"Your obligation is to be great."
Let's be honest -- working at Apple is a dream come true for anyone. But how do we realize that dream? Are there any tricks of the trade to help us snag a spot at a coveted company?
Stanley Chen is spilling all. From his greatest learning experiences to his top three tips for growing in your design career, the LA-based art director shares everything you need to know to reach your goals.
DesignRush: You have already had such an incredible design career. What inspired you to pursue graphic design and art direction?
Stanley Chen: My dad was an oil painter turned exhibition designer, my mom was a photographer turned documentary film director. Growing up in an artistic family helped to define my path. It wasn’t hard at all for me to realize that I want to be a creative of some sort.
DR: So it was in your DNA from the beginning.
SC: Sort of. Even though I didn’t become a painter (like I wanted to when I was growing up), I am still flexing similar muscles as a painter, in the sense that I create meaning through visuals that communicate ideas. It’s the one thing that I love doing, and manage to do pretty well. I just can’t imagine myself doing anything else.
DR: You're so fortunate to be so passionate about your work. Do you have any go-to tools that help you bring your ideas to life?
SC: My favorite tools are probably pen and paper. No matter how advanced technology gets, it will never replace them. The process of thinking with your hands solidify ideas. Designers don't draw and then think — they draw and think at the same time. I think that’s one of the best ways to formulate new ideas, think with hands, make something as you reflect.
DR: You can't beat old-school creativity! So tell us — what are some of your favorite personal projects?
SC: I am very proud of the TBWA Worldwide rebrand I worked on two years ago with the team at Chiat Day. It changed the way I think about branding after that project. As a designer, we often want full control over all the output. We pick a specific typeface and kern it a certain way, or pick our favorite color combination, or we design a strict identity guideline for others to follow. And these are all great, but they might not be applicable in all cases.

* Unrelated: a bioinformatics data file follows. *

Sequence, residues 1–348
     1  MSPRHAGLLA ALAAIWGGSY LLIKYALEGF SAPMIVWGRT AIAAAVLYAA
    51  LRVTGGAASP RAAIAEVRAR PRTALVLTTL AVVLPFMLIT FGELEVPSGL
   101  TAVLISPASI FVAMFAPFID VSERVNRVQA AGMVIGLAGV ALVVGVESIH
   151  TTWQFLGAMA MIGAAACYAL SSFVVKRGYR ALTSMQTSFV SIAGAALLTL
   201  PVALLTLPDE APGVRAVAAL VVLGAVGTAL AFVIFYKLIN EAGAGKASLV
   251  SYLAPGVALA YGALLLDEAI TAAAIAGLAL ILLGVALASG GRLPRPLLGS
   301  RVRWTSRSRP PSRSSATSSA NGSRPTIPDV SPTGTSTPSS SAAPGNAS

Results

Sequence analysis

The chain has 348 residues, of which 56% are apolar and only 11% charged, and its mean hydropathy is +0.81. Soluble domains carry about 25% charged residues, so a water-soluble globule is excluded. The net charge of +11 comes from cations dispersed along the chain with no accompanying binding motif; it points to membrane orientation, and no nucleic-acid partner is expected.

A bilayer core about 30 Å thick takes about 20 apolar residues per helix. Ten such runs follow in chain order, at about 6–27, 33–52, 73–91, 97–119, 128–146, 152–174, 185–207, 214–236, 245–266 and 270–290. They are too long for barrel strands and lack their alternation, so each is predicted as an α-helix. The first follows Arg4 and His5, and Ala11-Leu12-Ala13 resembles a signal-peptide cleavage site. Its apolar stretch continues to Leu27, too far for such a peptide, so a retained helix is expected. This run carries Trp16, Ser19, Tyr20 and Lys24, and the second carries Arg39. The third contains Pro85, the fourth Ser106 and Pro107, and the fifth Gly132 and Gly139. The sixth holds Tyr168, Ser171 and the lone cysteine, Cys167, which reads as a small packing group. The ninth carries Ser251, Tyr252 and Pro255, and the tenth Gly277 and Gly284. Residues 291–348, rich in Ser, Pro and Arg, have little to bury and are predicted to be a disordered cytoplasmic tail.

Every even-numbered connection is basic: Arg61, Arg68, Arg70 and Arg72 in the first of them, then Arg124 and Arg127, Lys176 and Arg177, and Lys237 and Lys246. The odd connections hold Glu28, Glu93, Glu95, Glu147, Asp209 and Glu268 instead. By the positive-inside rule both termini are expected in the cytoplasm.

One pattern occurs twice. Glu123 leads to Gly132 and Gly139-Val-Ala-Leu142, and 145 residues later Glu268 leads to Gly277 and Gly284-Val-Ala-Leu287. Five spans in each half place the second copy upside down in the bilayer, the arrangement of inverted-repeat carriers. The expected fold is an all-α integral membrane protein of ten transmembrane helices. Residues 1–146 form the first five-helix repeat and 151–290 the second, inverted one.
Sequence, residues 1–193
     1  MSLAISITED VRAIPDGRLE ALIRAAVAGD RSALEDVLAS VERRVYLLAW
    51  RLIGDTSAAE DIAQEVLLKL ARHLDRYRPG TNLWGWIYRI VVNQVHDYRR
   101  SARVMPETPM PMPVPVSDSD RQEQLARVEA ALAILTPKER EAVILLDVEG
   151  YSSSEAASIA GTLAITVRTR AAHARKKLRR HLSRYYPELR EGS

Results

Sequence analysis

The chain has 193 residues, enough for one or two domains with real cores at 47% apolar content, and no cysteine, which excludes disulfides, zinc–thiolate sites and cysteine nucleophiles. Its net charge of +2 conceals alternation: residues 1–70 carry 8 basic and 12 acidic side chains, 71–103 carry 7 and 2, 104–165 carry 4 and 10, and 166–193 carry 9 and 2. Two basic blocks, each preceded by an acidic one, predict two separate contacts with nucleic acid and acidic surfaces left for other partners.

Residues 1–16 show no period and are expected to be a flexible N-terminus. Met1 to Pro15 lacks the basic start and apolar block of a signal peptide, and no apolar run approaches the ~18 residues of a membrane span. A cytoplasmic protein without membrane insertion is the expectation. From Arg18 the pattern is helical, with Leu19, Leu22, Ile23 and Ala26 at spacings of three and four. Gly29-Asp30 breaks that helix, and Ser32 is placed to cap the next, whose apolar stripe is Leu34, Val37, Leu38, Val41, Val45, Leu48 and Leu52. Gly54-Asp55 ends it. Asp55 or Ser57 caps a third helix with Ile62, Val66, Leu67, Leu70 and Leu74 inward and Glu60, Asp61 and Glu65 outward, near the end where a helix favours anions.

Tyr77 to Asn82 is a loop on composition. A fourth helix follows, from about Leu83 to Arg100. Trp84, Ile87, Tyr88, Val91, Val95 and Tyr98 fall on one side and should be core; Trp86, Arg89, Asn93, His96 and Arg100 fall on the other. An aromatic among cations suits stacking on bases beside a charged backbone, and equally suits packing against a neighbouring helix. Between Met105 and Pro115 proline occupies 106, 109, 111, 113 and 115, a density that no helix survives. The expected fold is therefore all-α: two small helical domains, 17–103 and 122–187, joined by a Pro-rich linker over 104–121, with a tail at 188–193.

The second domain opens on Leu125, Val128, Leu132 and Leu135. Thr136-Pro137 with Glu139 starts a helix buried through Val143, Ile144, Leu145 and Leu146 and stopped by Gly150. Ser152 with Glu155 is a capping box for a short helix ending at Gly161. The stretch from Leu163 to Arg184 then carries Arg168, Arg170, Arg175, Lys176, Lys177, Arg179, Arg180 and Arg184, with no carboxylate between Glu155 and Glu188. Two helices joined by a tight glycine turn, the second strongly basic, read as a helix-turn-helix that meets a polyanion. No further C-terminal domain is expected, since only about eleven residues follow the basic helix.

For instance, TBWA Worldwide is a global creative network with over 11,000 people and 100 countries. For a brand in that scale and diversity, a one size fits all solution doesn’t seem to be right. Therefore, we designed a simple, flexible and dynamic identity framework that allowed people from all around the world within the collective to participate and reflect the culture that truly represents who they are.
DR: That sounds like an amazing learning experience, too.
SC: Yes, it was.
DR: We'd love to know more about you! Are there any blogs, websites or apps you check every day?
SC: I check Facebook, Instagram and Apple News on a regular basis. They act more like information hubs showcasing content, ranging from news to design to music to culture and beyond. A few more design specific websites that I checked often are Fast Company, It’s Nice That, Nowness, Wallpaper, and Wired.
DR: You have the day off. What can we find you doing?
SC: You can find me riding my bike on the beach, having a conversation with friends at a coffee shop, enjoying music at a local venue, or probably all of the above.
DR: Let's talk inspiration. Are there any brands or designers that influence you?
SC: There are too many designers and projects that I admired and have inspired me.
I would like to talk about one particular project from last year, which was for the Refugee Olympic team. This was the first time that the refugee team was going to compete in the Olympics. Ten athletes with no national team, no flag, and no anthem to call their own had a new identity that represented them. The flag was designed by Yara Said, an artist and Syrian refugee now living in Amsterdam. The flag was simple yet powerful. She used black and orange to represent the color of life jackets worn by refugees when making dangerous sea crossings.